Shelter Director Fired Because She Euthanised 14 Cats Exposed to Ringworm

Kerrin Conklin was the Executive Director for the Central New York SPCA. She was fired summarily (without notice for what must have been gross misconduct) after five months in the job because she decided to authorise the euthanasia of 14 cats that had been exposed to ringworm. Apparently one cat had contracted ringworm. Then, it is said, the veterinarian introduced the infected cat to other cats. As a result Conklin decided to euthanise the cats exposed to this highly contagious but non-fatal fungal infection.

In addition, it is also alleged that although the veterinarian euthanised the first cat, the others were euthanised by unlicensed staff. I believe this happened because the veterinarian was called away and the Executive Director decided to press on with unlicensed staff. This apparently puts the veterinarian’s license at risk. She is also accused of being involved in the unlicensed use of narcotics.

Ringworm although contagious as mentioned and a rather unpleasant disease is certainly not fatal. It is simply an irritating infection which as we know infects people as well. In fact workers at the shelter would also be exposed to ringworm and they could have caught it as well. Was that factored in by Cocklin?

The big question is whether the Executive Director was justified in euthanising 14 cats (healthy cats it seems). There are other ways of dealing with this sort of contagious disease whilst preserving life.

She was not allowed to attend the meeting at which she was fired. Or to put it slightly differently; she was not asked to attend the meeting. As it happens she was sitting in her car outside the office where the meeting took place. She was telephoned and told that she was fired immediately. She is challenging the decision.

There are two questions. Firstly, was her decision correct or acceptable and the second is: was her sacking justified?

For me, she made the wrong decision because I would have done all I could to save the lives of those cats and at the same time eradicate the ringworm. It is possible. These sorts of outbreaks are not that uncommon in shelters. They are dealt with without killing cats.

As for her sacking I’m not sure that this was a good decision either. She made a mistake. That mistake went against the shelter’s mission and ethos and cats lost their lives which is traumatic. But she made a genuine decision as best she could and it appears she made it honestly and in good faith and therefore I don’t think she should have been sacked summarily. She could have been given a final written warning instead and then retrained and allowed to keep her job. There is a petition to have her reinstated.

P.S. The sort of behaviour that should result in instant dismissal is embezzlement, theft, persistent lying and other such dishonest behaviours and/or violence. If a person makes a genuine mistake albeit a dramatically bad one then the punishment should fall just short of being fired in my opinion although of course it does depend on each individual case. In this case it is borderline. I might be minded to fire the woman as suggested in comments.

P.P.S. David made an excellent comment about the cost of dealing with ringworm. I feel it deserves to be published in the main article. You can read it below.

Ringworm can be an expensive treatment in cats and can range from $200.00 to $500.00 depending on the cost of living and severity of your Cat’s ringworm. On average, the national cost of treating ringworm in cats is $250.00. 14 x $250 is $3,500. They probably would have fired her for blowing the budget, too. Think about how many cats that $3500 will help and she was curbing the outbreak. There are always two sides to a story. If you are concerned about abandoned pets living, though. Never take them to a PETA shelter as they have the highest kill rates.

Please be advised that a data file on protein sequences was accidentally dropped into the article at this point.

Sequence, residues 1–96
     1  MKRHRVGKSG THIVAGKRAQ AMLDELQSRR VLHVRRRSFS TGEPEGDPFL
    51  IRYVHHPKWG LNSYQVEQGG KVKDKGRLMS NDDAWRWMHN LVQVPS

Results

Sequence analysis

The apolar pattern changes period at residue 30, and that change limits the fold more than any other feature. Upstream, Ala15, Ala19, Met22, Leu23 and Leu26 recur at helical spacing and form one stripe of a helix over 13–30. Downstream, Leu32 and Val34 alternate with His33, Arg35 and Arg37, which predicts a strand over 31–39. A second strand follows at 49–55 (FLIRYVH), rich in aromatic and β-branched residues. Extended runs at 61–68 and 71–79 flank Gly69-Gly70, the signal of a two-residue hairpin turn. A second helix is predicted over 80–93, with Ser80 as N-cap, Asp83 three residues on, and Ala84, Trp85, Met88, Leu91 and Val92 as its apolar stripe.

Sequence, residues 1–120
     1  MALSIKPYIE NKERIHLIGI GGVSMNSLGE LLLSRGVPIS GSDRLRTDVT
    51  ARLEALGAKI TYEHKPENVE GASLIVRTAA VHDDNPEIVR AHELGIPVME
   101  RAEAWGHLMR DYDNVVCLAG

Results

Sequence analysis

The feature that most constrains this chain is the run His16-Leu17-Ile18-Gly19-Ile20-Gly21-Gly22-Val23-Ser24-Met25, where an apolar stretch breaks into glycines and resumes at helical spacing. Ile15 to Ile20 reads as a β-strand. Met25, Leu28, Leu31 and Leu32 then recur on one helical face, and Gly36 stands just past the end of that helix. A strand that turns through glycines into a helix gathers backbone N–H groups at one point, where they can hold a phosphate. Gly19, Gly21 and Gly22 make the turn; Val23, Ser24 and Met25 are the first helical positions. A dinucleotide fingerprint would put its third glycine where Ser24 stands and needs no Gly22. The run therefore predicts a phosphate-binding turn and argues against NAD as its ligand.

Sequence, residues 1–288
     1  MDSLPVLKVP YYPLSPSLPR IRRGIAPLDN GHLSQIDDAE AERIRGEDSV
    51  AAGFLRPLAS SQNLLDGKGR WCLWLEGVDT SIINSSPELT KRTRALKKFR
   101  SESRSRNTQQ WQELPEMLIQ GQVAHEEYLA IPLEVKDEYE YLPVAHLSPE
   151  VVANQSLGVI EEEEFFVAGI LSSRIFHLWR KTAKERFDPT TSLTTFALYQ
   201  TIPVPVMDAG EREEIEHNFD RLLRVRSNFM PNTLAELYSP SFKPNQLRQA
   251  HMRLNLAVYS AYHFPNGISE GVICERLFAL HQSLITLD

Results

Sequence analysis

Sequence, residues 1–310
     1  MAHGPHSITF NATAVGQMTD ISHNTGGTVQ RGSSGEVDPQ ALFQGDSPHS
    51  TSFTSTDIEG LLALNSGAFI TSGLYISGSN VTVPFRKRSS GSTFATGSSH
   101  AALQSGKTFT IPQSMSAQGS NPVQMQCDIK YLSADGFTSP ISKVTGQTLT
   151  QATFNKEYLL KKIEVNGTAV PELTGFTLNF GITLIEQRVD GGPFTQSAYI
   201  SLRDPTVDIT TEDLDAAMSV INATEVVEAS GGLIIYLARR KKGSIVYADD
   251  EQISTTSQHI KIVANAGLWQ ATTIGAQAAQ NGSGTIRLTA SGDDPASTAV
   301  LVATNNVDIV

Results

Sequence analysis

Source: various online including the petition.

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Useful tag. Click to see the articles: Cat behavior

22 thoughts on “Shelter Director Fired Because She Euthanised 14 Cats Exposed to Ringworm”

  1. This has to be the stupidest thing I have ever read! For $1.00 you can cure ringworm, that’s what a bottle of apple cider vinegar costs! 3 baths a week apart kills the ringworm. I have used it several times on cats dumped on my road. I warm it then sponge it on the cat or dog till they are soaked to the skin then pat down and let them air dry, do not rinse. I even got one on my face from a kitten and the expensive meds the doc gave me did nothing! I used it on myself and no more ring worm. It turned black, died and disappeared.
    Apple Cider Vinegar Ringworm Treatment

    1. P.s. the one kitten that had ringworm had it really bad and it took 4 baths a week apart to kill the worm. I did not know she should be quarantined from the other cats and allowed her to be with the others. No other cat got it, only me because when I picked her up I hugged her to my face. She was maybe 8 weeks old and needed a hug, LOL. She was pitiful, half her hair was gone, that was 8 years ago and today she’s a senior. I keep telling people (shelters) about Apple Cider Vinegar but no one is listening. They would rather kill pets thinking they need expensive treatments.

  2. The only reason ringworm becomes a problem and perhaps ” difficult” to
    eliminate from shelters, Michael, is because of poor intake protocols (no quarantine/isolation until properly checked out) and because of poor hygiene and husbandry in the shelter. They could have isolated the cats that they themselves es (the veterinarian, no less) exposed to one cat. and in fact none may have developed ringworm, therefore none may have required medication. While private veterinarians might want to culture to definitively diagnose, signs of ringworm are usually fairly obvious and cultures wouldn’t be necessary for every cat in an exposed group. Each could be treated as a precaution if necessary, since cultures take a while to grow anyway. Over the counter fungal creams work well and are inexpensive, as are bleach baths. Even if fulvicin or itraconozole etc. are needed they wouldn’t be $800 or even anywhere near $250 for just one cat. Our compounding pharmacist made the meds up for us at a cost of under $25 per cat for four weeks’ worth.